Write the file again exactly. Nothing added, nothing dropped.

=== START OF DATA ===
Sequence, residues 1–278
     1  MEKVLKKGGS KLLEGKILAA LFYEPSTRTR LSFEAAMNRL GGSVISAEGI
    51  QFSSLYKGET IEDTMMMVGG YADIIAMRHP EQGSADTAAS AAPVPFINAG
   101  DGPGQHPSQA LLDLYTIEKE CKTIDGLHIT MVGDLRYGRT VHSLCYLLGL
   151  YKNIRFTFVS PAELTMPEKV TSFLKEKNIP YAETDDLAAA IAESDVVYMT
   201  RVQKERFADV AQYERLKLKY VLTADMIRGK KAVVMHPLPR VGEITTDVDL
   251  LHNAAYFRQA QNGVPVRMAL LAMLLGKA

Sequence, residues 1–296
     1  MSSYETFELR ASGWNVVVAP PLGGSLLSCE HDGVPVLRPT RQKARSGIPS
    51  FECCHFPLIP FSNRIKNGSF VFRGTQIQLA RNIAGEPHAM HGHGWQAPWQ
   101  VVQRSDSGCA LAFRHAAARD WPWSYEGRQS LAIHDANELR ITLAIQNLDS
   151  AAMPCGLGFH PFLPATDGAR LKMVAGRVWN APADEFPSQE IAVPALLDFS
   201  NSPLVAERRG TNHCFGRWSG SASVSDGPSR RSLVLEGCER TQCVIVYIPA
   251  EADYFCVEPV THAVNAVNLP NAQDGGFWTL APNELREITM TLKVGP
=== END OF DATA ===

Sequence, residues 1–278
     1  MEKVLKKGGS KLLEGKILAA LFYEPSTRTR LSFEAAMNRL GGSVISAEGI
    51  QFSSLYKGET IEDTMMMVGG YADIIAMRHP EQGSADTAAS AAPVPFINAG
   101  DGPGQHPSQA LLDLYTIEKE CKTIDGLHIT MVGDLRYGRT VHSLCYLLGL
   151  YKNIRFTFVS PAELTMPEKV TSFLKEKNIP YAETDDLAAA IAESDVVYMT
   201  RVQKERFADV AQYERLKLKY VLTADMIRGK KAVVMHPLPR VGEITTDVDL
   251  LHNAAYFRQA QNGVPVRMAL LAMLLGKA

Sequence, residues 1–296
     1  MSSYETFELR ASGWNVVVAP PLGGSLLSCE HDGVPVLRPT RQKARSGIPS
    51  FECCHFPLIP FSNRIKNGSF VFRGTQIQLA RNIAGEPHAM HGHGWQAPWQ
   101  VVQRSDSGCA LAFRHAAARD WPWSYEGRQS LAIHDANELR ITLAIQNLDS
   151  AAMPCGLGFH PFLPATDGAR LKMVAGRVWN APADEFPSQE IAVPALLDFS
   201  NSPLVAERRG TNHCFGRWSG SASVSDGPSR RSLVLEGCER TQCVIVYIPA
   251  EADYFCVEPV THAVNAVNLP NAQDGGFWTL APNELREITM TLKVGP